904 F2d 42 United States v. Villa

904 F.2d 42

Unpublished Disposition

NOTICE: Ninth Circuit Rule 36-3 provides that dispositions other than opinions or orders designated for publication are not precedential and should not be cited except when relevant under the doctrines of law of the case, res judicata, or collateral estoppel.

UNITED STATES of America, Plaintiff-Appellee,
Rito Andres VILLA, Defendant-Appellee.

No. 89-30037.

United States Court of Appeals, Ninth Circuit.

Argued and Submitted Nov. 1, 1989.
Decided May 24, 1990.

Before EUGENE A. WRIGHT, TANG and FERNANDEZ, Circuit Judges.




Rito Villa appeals his conviction of one count of possession with intent to distribute cocaine. He alleges invalidity of the search warrant and error in admission of firearms evidence. We affirm.


1. Search Warrant


Villa contends that the evidence seized pursuant to the search warrant (including an assult rifle) should have been excluded. He claims that the warrant was invalid for three reasons. First, he asserts that the warrant lacked probable cause because (1) the warrant was facially deficient; (2) any possible allegations in the warrant regarding Villa were stale; and (3) no nexus was established between the residence of Villa and any criminal activity. Second, Villa contends that the district court should have held a Franks hearing because the affidavit contained material omissions and misleading statements of fact.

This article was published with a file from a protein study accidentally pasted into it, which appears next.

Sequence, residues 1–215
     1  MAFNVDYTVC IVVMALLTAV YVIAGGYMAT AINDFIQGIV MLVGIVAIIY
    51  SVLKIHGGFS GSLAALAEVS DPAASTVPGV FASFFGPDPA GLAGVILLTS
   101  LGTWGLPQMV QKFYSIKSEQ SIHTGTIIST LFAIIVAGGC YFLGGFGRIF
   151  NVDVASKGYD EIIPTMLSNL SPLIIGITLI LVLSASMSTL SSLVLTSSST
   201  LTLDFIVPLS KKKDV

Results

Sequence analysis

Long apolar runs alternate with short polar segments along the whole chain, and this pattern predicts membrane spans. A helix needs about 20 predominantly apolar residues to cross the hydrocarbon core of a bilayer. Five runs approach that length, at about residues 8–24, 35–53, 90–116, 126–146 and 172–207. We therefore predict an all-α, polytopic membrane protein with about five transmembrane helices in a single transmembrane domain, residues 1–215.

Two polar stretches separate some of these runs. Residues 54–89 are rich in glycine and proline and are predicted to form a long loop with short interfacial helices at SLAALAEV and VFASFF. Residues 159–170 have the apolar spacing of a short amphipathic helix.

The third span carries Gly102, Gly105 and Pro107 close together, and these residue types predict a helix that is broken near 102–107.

(i) Probable Cause Underlying the Warrant


(1) Factual Sufficiency


We conclude the warrant was sufficient because the supporting affidavit furnished the magistrate with a substantial basis to find probable cause. The affidavit indicated not only that Villa was involved in illegal drug activity but also that evidence of drug dealing would be found at Villa's house. The affidavit provides evidence of Villa's involvement with drugs in several ways: (1) matching a description of the male in the truck at the June 15, 1988 drug sale to Villa; (2) sighting the same truck outside of Villa's home; and (3) Ramirez' statement he sold Villa the truck seen at the June drug sale. Second, the affidavit provides a basis for concluding drugs would be found at Villa's house (1) because the affidavit indicates Villa is a drug dealer; and (2) the affidavit presents the conclusion of Raymond Troy, a trained police officer, that evidence of dealing drugs would be found at the residence of a drug dealer, like Villa. See United States v. Angulo-Lopez, 791 F.2d 1394, 1399 (9th Cir.1986); see United States v. Fannin, 817 F.2d 1379, 1382 (9th Cir.1987) (magistrate can rely on trained officer's conclusion on where drugs will be present).